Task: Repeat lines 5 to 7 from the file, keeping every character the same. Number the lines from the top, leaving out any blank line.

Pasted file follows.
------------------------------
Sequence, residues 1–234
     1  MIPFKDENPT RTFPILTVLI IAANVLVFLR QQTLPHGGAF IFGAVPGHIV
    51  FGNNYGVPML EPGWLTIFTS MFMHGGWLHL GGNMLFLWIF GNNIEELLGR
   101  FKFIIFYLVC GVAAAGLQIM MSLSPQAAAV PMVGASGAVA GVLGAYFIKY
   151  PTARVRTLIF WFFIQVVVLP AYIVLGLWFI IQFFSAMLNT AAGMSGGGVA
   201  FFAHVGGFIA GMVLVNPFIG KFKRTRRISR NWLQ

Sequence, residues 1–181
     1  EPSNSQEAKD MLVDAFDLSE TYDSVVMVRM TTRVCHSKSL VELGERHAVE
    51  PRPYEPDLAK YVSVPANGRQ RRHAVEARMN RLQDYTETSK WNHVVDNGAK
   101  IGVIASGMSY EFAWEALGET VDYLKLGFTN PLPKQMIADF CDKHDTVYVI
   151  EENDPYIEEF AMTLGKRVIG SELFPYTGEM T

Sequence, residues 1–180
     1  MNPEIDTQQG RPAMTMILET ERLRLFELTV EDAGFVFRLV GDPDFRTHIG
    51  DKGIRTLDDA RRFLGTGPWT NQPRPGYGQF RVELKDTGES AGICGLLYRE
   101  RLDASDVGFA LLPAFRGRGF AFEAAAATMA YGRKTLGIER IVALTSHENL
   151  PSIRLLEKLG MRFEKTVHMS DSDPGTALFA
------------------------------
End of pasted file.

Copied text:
   151  PTARVRTLIF WFFIQVVVLP AYIVLGLWFI IQFFSAMLNT AAGMSGGGVA
   201  FFAHVGGFIA GMVLVNPFIG KFKRTRRISR NWLQ

Sequence, residues 1–181